Whoa that’s scary. Are there safety situations all the time? – Most lifts have about 5 – 10 stops a day which may be to prevent a possible injury. The worst I saw was 30 stops. You have to try and have a 180 degree field of vision, don’t concentrate on one thing for too long, things tend to happen in your blind spot while you’re watching something/someone else…. I only made one mistake of note because I was looking down at my ramp and raking a bit too hard. Most things are preventable if you spot them and hit the stop early, and are loudly instructing people who look a bit unstable / new to the sport.

But you must have gone to work hungover once or twice right? – Well I tried to avoid it as much as possible, but inevitably I did end up drinking on a school night. My best tips are to try and get the 11pm or midnight bus home, and of course moderate your drinking. At least that way you’ll only be a bit tired and can eat and tea/coffee your way through the day.

Plenty of partying around then? – Yup. You can go out any night in Whistler and they’ll be a club open full of people. I was trying to limit the financial damage so I stuck mostly to lifty related socializing. Consider Sunday Funday and Rounds nights to be a compulsory part of being a lifty!!! I did do a few other nights with Ralph and Laurie too.

What’s Rounds? – It’s a night once a month where everyone who’s cocked up during the month buys a jug of beer for the other liftys to enjoy!

Hang on, didn’t you mention something about cocaine back there!?? – Yep. Probably a side of Whistler that you might not expect. It is a part of the party scene and best avoided if you want to save money, amongst other reasons. Don’t get me wrong, nights out weren’t a bonanza of lines and clouds of the stuff, but most people had seen it being done, and could access it at some point if they wanted. Same for pot. Me and most of my lifty pals weren’t interested in it.

Sounds like a bit of a blast then, what was the riding like? Well like I said at the start it was the worst season in 25 years. Apparently. To be honest I didn’t notice the difference, being from the UK I’d not had such regular access to snow and had some insane days hiking to far away bowls and getting fresh tracks all the time. So for me it was brilliant. However there was a period of sustained unseasonal rain, which wasn’t fun, and I did meet a fair few grumpy locals. Apparently when things were slushy it was very similar to riding in Australia! (rubbish) But! Here’s a particularly good ride to work: –

On the days that whistler was on form it was incredible riding.

So you have to be a good rider/skier to be lifty? – Not necessarily. Even if you’re a complete beginner you can still be a lifty if you have the personal qualities they’re looking for, you’ll just work on a gondi until you can prove yourself. If, like me, you are having dreams of shredding those fresh lines on the way to working at you high lift with and insane view and a great ride-out, then yes you need to be an accomplished rider. The trails themselves are relatively easy, in good weather first thing in the morning, but you will have to do them at the end of the day, perhaps in thick fog, whilst they are covered in slushy moguls, or icey as hell. Or both on the same run going from one to the other as you go down! I wasn’t exactly a pro when I turned up but I was lucky to get on a chairlift with plenty of riding, and I learned quickly!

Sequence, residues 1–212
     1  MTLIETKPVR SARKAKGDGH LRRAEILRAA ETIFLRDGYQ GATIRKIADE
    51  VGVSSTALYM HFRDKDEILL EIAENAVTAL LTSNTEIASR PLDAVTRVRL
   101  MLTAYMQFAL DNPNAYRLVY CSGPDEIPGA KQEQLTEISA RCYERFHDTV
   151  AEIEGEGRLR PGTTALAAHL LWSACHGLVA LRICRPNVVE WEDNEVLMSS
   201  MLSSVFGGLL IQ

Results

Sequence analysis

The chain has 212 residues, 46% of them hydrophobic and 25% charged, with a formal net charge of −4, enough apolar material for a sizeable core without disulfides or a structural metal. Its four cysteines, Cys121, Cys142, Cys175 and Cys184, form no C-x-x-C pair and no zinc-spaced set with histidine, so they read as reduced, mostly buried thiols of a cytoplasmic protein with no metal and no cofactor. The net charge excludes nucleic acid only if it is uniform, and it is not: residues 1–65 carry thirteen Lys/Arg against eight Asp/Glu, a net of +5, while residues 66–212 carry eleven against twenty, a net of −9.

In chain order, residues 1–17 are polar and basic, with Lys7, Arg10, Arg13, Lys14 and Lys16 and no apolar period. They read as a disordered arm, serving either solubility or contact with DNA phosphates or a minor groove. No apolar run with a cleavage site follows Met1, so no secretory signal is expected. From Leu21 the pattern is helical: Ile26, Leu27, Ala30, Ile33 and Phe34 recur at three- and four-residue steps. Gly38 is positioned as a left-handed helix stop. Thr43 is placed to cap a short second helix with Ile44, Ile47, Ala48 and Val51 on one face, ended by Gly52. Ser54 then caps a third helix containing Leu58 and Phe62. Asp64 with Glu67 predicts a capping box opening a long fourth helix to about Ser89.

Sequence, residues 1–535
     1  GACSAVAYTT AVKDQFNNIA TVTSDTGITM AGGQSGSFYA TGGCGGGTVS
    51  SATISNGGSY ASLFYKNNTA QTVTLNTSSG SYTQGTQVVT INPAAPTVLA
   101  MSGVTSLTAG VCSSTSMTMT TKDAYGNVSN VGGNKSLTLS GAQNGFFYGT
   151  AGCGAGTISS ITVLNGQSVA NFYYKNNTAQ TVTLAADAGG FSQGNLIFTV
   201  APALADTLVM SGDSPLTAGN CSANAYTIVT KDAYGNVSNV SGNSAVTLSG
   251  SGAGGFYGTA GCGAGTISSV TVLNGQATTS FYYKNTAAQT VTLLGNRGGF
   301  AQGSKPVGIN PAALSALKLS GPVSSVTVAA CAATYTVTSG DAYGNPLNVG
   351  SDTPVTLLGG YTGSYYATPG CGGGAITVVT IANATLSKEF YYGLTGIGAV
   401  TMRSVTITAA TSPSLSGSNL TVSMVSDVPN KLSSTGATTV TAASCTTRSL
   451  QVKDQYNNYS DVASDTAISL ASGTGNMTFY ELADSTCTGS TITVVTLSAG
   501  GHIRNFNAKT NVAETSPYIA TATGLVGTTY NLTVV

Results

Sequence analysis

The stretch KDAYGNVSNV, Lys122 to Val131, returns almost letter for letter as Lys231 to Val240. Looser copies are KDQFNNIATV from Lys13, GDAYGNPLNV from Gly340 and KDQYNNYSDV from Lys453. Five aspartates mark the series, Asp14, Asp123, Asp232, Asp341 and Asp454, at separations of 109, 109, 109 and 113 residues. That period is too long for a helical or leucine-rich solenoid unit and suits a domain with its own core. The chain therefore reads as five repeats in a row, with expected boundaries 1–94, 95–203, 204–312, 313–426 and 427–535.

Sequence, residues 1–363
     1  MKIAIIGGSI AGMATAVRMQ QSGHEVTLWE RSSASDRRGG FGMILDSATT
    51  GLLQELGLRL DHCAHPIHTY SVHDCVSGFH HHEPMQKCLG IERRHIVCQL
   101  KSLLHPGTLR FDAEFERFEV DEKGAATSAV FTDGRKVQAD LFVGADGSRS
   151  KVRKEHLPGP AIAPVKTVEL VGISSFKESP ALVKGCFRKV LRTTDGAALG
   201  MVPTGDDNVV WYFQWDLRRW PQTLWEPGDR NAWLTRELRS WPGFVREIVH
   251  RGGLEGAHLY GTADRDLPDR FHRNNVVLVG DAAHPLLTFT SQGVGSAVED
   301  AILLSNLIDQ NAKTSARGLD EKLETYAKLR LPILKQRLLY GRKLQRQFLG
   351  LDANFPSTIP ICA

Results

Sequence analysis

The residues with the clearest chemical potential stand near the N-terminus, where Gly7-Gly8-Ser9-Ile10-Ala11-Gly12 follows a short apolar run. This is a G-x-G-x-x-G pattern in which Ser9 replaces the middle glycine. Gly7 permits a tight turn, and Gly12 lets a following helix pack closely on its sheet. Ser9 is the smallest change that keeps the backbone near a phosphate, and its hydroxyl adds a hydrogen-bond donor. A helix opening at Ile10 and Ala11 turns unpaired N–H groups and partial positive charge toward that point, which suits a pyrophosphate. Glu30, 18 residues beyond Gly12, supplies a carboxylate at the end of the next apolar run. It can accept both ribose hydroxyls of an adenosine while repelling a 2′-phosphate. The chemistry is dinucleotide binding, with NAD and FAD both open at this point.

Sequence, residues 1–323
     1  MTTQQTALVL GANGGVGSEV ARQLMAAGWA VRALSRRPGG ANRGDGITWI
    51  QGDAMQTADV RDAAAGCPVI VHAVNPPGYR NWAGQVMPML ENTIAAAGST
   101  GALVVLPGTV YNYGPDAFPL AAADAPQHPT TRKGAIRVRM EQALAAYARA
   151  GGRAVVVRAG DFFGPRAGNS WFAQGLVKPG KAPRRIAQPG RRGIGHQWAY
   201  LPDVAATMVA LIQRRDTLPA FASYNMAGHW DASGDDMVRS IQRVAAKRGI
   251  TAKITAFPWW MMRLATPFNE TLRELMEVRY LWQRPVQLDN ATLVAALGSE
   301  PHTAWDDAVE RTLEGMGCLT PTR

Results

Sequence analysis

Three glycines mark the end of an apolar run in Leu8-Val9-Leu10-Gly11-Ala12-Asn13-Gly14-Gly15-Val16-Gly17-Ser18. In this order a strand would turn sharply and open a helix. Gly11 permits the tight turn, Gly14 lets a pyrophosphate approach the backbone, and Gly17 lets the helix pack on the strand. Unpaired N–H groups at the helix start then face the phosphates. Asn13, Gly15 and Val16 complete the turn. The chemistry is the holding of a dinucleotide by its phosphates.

What if I fall over?

If you injure yourself while at work, or riding your designated route to work you’ll be covered by WB’s own insurance, if you don’t have a decent helmet get one, they are mandatory. Outside of work you’re on you own insurance, so make sure it’s decent. If you’re planning on staying in BC for a long time you can get BC health insurance. Top tip for avoiding injuring yourself – avoid the park. Most of the injuries I saw people get were from there!

Was there anything about the job you didn’t like? – Well no-one likes a rude customer, but these are quite rare. I only had 2 instances that I remember when I came into conflict with rude guests. Patience really is a virtue and as they say, kill them with kindness. People don’t always realise that even when you hit the stop button straight away the lift will take time to come to a full stop. If all else fails, most people calm down when you tell them you’re going call security…. Also if you really hate getting up early, then this job may not be for you! The average start is 0715.

Must have been cold at 0715? – Yup. See my kit list page for what to bring. Generally everyone had nice stuff for their days off and not so nice stuff for wrecking at work. Especially gloves.

Anything you’d do differently? – Like I said earlier I’d seriously consider paying more for a single room. I also regretted not seeing a bit more of the local area, my days off were spent either riding or hungover. I would have liked to get a heli-boarding trip in, but the weather wasn’t good enough in the period when I had a discount, and there is so much in bounds that I didn’t really feel like I was missing much, other a a cool helicopter ride. Other than that I had a whale of the time!